Huffing is a colloquial term for inhalant abuse. It is a type of substance misuse that involves getting “high” by inhaling the chemicals found in everyday household items. The noxious vapour given off by solvent-based products like paint, glue, petrol, and marker pens; or the gas produced in aerosols cans such as spray paint, hairspray, deodorant, and even whipped cream. Nitrous oxide (laughing gas) and amyl nitrate (poppers) are also classed as inhalants and have surged in popularity in recent years.
Also sometimes called sniffing, or bagging (depending on the method and/or product used); the practice can have severe consequences and is the root cause in the accidental death of numerous teenagers and young adults each year.
The inhaled substances are rapidly absorbed into the brain, producing an immediate high. In the short-term users participate to experience euphoria, intoxication, hallucinations, but it can also cause nausea, vomiting, and breathing problems.
Chronic abuse of inhalants can result in irreversible side effects, such as coma and death. It can end with psychosis, hypoxia (lack of oxygen), heart failure, pneumonia and lung problems, choking or aspiration, and brain damage.
As with any recreational drug use, a lack of inhibition can lead to the participation in risky or dangerous behaviour. This is particularly true for motor vehicle accidents – due to driving whilst under the influence or getting in a car with someone else who is impaired; jumping or falling from buildings, bridges, or other high places; being the victim of sexual or violent assault.
Common amongst teenagers and adolescents, inhalant abuse is most prevalent around the ages of 14 and 15 years old. However, abuse has been seen in children as young as 5. It usually declines after the age of 18, except in those individuals without access to other types of drugs, alcohol, or prescription medication.
As with any type of drug abuse there is no single reason why someone starts to use substances. It could be to fit in with their peer group or friends; because they enjoy it; to improve their mood; to relax; to cope with feelings of stress and anxiety; or to manage either physical or emotional pain.
Higher rates of inhalant abuse have been found in those with –
• A history of abuse, physical or sexual.
• Family issues.
• Delinquent, anti-social, or criminal behaviour.
• Mental health issues, including depression and suicidal ideology or attempts.
• Other substance abuse (drugs or alcohol).
It is also more common in areas of high unemployment and low income because it is cheap and easily attainable.
Substance misuse is one of the biggest risks to a young person’s health and growth – both mental and physical. Since a teenager’s brain is still developing, drug use can have long-term effects on their cognitive and social abilities. The prefrontal cortex which is responsible for skills such as planning, prioritising, and impulse control, is one of the last brain regions to mature, which happens around the mid to late 20s.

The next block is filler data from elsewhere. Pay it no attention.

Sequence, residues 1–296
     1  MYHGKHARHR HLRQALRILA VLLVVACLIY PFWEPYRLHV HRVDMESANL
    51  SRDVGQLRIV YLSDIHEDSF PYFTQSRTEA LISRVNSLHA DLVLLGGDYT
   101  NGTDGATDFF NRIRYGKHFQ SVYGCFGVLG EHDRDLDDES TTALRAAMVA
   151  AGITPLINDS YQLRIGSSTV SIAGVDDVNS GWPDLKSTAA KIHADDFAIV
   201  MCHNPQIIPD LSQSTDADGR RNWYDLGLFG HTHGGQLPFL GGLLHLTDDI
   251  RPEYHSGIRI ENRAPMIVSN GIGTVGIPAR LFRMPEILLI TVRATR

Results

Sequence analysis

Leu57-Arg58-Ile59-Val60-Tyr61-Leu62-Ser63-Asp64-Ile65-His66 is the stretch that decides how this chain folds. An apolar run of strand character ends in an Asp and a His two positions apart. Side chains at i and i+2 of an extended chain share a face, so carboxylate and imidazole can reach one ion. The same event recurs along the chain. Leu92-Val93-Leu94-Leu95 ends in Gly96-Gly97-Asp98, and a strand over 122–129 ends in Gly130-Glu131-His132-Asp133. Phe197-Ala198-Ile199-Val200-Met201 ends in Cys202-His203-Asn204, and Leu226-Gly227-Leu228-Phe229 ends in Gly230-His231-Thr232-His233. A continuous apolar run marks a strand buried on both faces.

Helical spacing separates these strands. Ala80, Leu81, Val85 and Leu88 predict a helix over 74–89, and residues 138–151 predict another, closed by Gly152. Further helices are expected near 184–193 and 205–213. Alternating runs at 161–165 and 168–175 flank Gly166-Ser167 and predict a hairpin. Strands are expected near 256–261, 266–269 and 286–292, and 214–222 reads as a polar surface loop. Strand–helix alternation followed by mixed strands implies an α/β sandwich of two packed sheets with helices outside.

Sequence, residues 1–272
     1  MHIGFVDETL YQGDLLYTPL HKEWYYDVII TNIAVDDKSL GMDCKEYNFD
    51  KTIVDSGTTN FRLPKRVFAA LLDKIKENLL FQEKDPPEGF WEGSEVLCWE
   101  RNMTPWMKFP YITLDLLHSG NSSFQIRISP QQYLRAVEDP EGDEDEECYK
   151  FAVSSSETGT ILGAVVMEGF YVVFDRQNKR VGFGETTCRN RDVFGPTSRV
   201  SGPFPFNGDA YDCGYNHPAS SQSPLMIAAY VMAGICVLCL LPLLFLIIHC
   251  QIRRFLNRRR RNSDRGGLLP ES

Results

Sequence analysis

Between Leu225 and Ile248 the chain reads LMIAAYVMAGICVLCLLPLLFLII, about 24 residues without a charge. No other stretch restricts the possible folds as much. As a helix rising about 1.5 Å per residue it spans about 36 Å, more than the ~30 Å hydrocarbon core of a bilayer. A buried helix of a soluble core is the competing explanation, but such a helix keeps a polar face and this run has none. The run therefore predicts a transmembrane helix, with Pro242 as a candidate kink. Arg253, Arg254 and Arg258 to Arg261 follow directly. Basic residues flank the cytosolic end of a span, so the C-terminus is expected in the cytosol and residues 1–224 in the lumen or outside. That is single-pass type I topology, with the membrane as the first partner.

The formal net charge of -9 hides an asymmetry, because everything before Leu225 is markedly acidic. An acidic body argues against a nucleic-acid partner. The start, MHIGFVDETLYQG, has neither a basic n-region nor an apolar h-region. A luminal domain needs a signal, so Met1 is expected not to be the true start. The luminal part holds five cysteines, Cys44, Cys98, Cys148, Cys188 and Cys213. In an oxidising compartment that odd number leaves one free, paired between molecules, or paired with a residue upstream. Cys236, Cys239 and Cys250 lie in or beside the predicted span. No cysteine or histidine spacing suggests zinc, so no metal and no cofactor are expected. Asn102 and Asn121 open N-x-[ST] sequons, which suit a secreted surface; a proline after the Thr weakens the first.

The effects of huffing paint, sniffing glue, and any other form of solvent or inhalant abuse, can range from an inebriated state, through to vivid, dark, haunted, or terrifying hallucinations.
Symptoms can include –
• Intoxication (as simulated with alcohol use).
• Intense euphoria.
• Loss of coordination.
• Slurred speech.
• Feeling dizzy or lightheaded.
• Reduced inhibitions.
• Moodiness and irritability.
• Hallucinations and/or visions.
Other signs may comprise of –
• Paint/glue/solvents on face or clothing.
• A chemical odour on the person or their belongings. Coming out in sweat, through breath, or attached to clothing.
• Paraphernalia related to inhalant abuse, such as soaked rags, solvent-filled bags, empty aerosols; hidden in personal spaces, or secreted at the bottom of rubbish bins.
• Missing paint cans, spray cans, lighter fuel, or other household chemicals.
• Unusual trips to hardware stores.
• An outbreak of sores around the nose and mouth, typically referred to as a “glue sniffers rash”.
• Participation in risky or dangerous behaviour. (Example: Driving whilst under the influence).
If you or someone you love is huffing, you need to understand that the practice is highly dangerous, can have serious consequences in both the short and long term; and addiction is possible.
Long-term and excessive use of any substance can result in dependency and addiction. It does not recognise age, class, race, or gender, and can grasp hold of anyone, at any time. Nobody chooses to be an addict, and there is no single reason why someone becomes one.
If you think you, or someone you love, may have a problem, then it is a good idea to speak with a qualified addiction specialist, or medical professional, to understand your drug misuse and consider what addiction treatment may be required and available.
Here at our luxury rehabilitation centre, set on the beautiful Spanish island of Ibiza, we have a highly qualified team, experienced in a range of therapies for the treatment of drug, alcohol and prescription medicine abuse and dependency. We also treat all forms of substance and process addiction, anxiety, depression, trauma, and other conditions affecting mental health.
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